Archive for May, 2008

Top 9 New Features in OnTime V8.1

May 29, 2008 11 comments

Axosoft’s flagship product, OnTime (which is a software project management tool: bug tracking, feature management, team wiki and helpdesk), is constantly being improved. It’s been less than six months since its last major release, and we’ve already made tremendous improvements that will surely please even its most demanding user (usually, me).

In this article, I’m excited to share some of my favorite new features.

New Management Console

Over it’s 8 major releases (and countless minor releases), OnTime has flourished into an unbelievably powerful product. It keeps tracking and managing more as it matures. It keeps acquiring more of the “nice touches” software development teams appreciate. If there is a cost to all of this, it’s the fact that the complexity of the product has increased, a bit, too.

To help address this problem, we created a visual map of managing the OnTime system. Take a look:

OnTime V8.1 Management Console
OnTime V8.1 Management Console Screenshot (Web & Windows)

The new Management Console allows most management functions to be accessed from a single location.

“Hey, the Tools > Manage menu was a single location, too!” you say?

Sure, but what’s great about this console is that it provides:

  • visual grouping of management categories, clustering related management features together (for example managing users and security roles are closely related);
  • visual workflow cues for which order to perform management tasks (for example, you probably want to work on custom fields before designing a field template);
  • detailed tool-tips that explain exactly what each management item is for.

The Management Console also trivializes another task: it effortlessly communicates what you can do with OnTime. With just a 10-second glance users can see that it’s possible to create custom fields, field templates, get email notifications or setup POP email accounts that will be automatically checked with OnTime.

With the new Management Console, I’m betting 90% of existing users will learn something new about OnTime, and 100% of new users will appreciate this feature for the instant crash course in functionality and for providing such a great place to get started.

New Color-Coded Items

Ever wish you could quickly see high priority, open items, items in a particular workflow step or items that are assigned to you without having to sort, filter or re-group your list? Well, now you can! OnTime V8.1 adds item color-coding so that items in various statuses, priorities, severities or workflow steps will naturally jump out at you. Additionally, items assigned to you can appear bold, so you won’t miss them.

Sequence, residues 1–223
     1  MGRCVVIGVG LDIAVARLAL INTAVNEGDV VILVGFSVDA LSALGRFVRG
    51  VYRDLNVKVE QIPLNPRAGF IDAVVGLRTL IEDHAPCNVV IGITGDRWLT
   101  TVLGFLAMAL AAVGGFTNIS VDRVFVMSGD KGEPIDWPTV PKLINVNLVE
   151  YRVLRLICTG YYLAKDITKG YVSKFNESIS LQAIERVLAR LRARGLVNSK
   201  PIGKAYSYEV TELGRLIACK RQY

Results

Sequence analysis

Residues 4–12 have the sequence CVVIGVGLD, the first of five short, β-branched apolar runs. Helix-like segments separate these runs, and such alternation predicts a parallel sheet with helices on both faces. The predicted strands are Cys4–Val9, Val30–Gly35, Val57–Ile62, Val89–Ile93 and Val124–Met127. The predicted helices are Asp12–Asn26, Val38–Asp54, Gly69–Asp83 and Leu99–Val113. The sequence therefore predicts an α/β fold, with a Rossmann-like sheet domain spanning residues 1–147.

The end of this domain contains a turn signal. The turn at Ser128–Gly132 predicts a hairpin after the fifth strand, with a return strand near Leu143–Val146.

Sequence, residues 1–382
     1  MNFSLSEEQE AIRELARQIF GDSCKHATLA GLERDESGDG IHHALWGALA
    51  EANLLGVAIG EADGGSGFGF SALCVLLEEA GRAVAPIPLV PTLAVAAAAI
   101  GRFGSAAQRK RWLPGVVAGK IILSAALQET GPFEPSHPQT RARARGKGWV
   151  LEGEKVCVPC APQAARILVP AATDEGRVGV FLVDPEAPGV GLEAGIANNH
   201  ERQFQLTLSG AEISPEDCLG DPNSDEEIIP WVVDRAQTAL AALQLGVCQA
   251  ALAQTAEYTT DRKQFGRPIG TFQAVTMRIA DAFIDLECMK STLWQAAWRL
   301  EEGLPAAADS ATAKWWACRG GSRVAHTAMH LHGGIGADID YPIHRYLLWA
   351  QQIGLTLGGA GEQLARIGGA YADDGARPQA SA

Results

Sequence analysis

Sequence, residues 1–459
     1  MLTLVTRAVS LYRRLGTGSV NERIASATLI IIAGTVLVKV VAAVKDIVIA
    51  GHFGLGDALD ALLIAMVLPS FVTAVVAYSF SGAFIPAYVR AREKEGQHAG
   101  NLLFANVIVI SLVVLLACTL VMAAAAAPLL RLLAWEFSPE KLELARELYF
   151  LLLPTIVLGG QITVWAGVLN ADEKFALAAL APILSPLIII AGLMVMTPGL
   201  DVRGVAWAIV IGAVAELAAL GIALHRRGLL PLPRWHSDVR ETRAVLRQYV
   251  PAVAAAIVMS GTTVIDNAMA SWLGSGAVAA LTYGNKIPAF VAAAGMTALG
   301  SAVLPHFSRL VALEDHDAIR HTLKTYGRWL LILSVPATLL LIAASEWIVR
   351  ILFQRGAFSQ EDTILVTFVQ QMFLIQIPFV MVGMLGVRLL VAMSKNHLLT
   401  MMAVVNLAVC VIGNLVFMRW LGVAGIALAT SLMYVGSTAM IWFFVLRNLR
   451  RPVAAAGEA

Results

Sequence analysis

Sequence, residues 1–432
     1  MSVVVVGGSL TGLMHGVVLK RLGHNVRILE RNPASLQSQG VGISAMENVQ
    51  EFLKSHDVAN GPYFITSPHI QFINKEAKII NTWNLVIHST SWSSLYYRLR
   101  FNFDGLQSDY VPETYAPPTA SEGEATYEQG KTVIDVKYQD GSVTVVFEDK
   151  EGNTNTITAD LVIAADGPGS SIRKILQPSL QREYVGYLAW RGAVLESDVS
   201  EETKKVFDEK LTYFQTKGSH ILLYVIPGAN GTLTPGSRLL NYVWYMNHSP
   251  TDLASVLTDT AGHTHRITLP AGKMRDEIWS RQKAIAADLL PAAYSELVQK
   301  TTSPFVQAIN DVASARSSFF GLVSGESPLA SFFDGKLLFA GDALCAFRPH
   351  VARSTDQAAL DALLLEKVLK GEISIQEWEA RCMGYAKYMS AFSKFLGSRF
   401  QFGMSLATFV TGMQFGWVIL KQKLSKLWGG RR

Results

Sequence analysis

This is an incredibly powerful feature that is guaranteed to enhance productivity. Take a look at this screenshot:

Demonstrating Color Coding in OnTime V8.1
OnTime V8.1 for Windows Color Coding Screenshot

OnTime V8.1 Color Coding in Web
OnTime V8.1 for Web Color Coding Screenshot

In this case, you can see that high priority items are highlighted in yellow, critical items are red and items assigned to me (administrator in this case) are bold. Users can decide what, if anything, gets highlighted and which colors to use.

New Email Tab

If you use OnTime to manage your support incidents via email, you’re going to absolutely LOVE the new Email tab. The new email tab allows users who regularly respond to incoming emails to use an interface that is optimized for managing emails rather than incidents.

The result is a huge improvement to productivity for customer support reps.

OnTime V8.1 Email Tab
OnTime V8.1 for Windows – New Email Tab

OnTime V8.1 Email Tab
OnTime V8.1 for Web – New Email Tab

Now support reps can respond to a email-related tickets from a central place designed to manage emails. Users can also search emails, group, filter and sort emails as one might expect from a email-focused work area. 

Wiki Pages Through Customer Portal

The new Wiki page feature in OnTime V8.0 has been tremendously popular. We have seen teams use Wiki pages to collaborate on everything from the creation of standard procedures to team directories to useful web-links to descriptions of major components in their projects (and everything in between). But one type of wiki page that teams couldn’t create, until now, was a page that was visible (and even editable) by their customers.

So, in OnTime V8.1, you can determine whether or not wiki pages are visible and editable in your OnTime Customer Portal. This is a great way to collaborate with customers, share common documents: installation instructions, FAQs and more. You can even permit customers to create and modify documents through the new Wiki tab in the OnTime Customer Portal.

OnTime V8.1 Customer Portal Wiki
OnTime V8.1 Customer Portal Wiki

Move and Easily Close Main Tabs

While the ability to rename OnTime’s main tabs has been in the product for a long time, the visibility of the tabs was controlled only by security privileges. If you had access to a tab, you saw the tab no matter what. The order of the tabs was also carved in stone. So if you’re a support engineer who basically lives in the Incidents tab (the 4th tab), you couldn’t put that tab in the first position and you couldn’t get rid of the other tabs you don’t use.

All that has changed with OnTime V8.1. You can rename tabs (as before), remove them and add them on the fly and determine the order too! Even better is that the settings are saved on a per-user basis, so each user can determine their own tab order or whether or not they want the icon or text to be visible. We think this new enhancement adds a nice finishing touch to the customization of the main OnTime tabs.